Jacqueline Carey – Kushiel’s Dart
Length: 902 pages
Genre: Epic Fantasy
Started: 12 August 2012
Finished: 20 August 2012
Where did it come from? Bookmooch.
Why do I have it? My notes say “Probably Memory’s or Meghan’s fault” but don’t cite a specific instance. I’d blame Clare for getting me hooked on Carey via Banewreaker, but Kushiel’s Dart was already on my TBR pile when that happened. Blame points for everyone!
How long has it been on my TBR pile? Since 14 August 2010.
“Love as thou wilt” is
dangerous when sex is bound
up with politics.
Summary: Phèdre was born the unwanted child of an ex-courtesan, and sold into indentured servitude at one of the pleasure houses of the city of Elua, the angel whose only commandment to his people was “Love as thou wilt.” But Phèdre was born different, with a mote of scarlet in her otherwise dark eyes, marking her as one pierced by Kushiel’s Dart, and cursed – or blessed – to forever experience pain as pleasure. Her unique worth is recognized by Anafiel Delaunay, who purchases her marque, and in his household, she learns to observe and listen and think, as well as continuing her training in the arts of love. For Delaunay knows that as a true anguisette, Phèdre will have access to some of the most important nobles in Terre D’Ange, and Delaunay is willing to play the long game. But even his decades-long machinations may not be enough, and Phèdre will have to be willing to use everything he taught her, and everything she is, if she is to have a hope of averting a terrible disaster that threatens her beloved homeland.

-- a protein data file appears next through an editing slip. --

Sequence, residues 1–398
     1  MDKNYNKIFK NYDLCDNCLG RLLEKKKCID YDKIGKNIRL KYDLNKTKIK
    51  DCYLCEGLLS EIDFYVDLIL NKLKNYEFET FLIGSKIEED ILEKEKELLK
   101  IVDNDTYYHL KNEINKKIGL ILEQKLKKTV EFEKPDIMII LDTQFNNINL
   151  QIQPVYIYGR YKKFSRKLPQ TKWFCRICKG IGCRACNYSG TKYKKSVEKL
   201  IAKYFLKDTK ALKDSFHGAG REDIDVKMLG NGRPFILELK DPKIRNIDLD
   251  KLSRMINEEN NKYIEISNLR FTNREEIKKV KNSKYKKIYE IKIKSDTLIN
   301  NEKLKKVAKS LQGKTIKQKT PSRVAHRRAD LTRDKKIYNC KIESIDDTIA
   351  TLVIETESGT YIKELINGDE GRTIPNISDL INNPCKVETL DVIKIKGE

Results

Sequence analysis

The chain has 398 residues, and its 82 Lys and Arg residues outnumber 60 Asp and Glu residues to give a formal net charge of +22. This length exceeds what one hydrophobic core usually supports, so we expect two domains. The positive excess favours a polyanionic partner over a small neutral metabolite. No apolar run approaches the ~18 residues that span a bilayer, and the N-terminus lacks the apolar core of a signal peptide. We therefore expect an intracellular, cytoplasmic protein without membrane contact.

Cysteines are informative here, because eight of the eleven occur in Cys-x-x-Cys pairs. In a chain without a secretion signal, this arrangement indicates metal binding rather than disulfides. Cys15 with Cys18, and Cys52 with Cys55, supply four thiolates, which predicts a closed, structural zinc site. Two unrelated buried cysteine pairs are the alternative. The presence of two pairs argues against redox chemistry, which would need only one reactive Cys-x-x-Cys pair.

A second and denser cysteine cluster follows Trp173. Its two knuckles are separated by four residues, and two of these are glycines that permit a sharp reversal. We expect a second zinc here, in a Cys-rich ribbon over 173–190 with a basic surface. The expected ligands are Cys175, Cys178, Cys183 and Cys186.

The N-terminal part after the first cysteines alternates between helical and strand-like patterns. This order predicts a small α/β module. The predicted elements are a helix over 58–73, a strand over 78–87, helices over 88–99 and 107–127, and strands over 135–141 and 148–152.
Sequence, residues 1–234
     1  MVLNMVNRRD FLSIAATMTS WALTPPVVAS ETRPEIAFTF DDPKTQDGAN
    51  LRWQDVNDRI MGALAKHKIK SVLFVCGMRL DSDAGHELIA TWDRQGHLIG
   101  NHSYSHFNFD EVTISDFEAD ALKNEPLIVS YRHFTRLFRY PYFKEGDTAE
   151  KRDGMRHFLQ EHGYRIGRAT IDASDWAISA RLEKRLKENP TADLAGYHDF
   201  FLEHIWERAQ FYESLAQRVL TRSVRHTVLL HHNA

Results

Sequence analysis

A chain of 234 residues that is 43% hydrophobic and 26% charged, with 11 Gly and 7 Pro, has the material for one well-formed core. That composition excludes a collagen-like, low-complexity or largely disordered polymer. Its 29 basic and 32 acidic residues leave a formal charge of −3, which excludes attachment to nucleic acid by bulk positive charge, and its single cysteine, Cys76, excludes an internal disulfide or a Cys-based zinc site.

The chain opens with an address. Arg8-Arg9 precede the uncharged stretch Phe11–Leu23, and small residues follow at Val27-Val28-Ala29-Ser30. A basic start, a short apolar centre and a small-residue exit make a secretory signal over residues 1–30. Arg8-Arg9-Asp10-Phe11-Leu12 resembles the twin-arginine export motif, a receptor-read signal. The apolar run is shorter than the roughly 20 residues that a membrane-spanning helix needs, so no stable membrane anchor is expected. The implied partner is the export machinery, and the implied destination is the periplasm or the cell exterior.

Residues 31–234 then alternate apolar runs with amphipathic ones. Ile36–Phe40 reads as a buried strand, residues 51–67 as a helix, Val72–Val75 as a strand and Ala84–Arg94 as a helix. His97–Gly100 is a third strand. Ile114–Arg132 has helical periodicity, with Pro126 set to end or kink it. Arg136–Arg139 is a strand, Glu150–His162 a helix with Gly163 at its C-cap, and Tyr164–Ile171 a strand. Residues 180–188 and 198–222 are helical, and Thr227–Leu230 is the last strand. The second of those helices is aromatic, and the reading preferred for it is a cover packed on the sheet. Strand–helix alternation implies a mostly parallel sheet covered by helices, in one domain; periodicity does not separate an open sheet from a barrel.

Review: Oh my. It’s been a long time since I enjoyed a book as much as this. It’s been a long time since I was capslock-y excited about a book and raving about it to anyone who would listen. It’s also been a long time since I’ve read any epic fantasy, so this may be at least partly a case of returning to my favorite genre. But I think the larger part is that Carey is a phenomenal writer, and this book was so, so good. I don’t know that I’m even going to be able to coherently explain why I loved it so much, but I’ll give it a shot.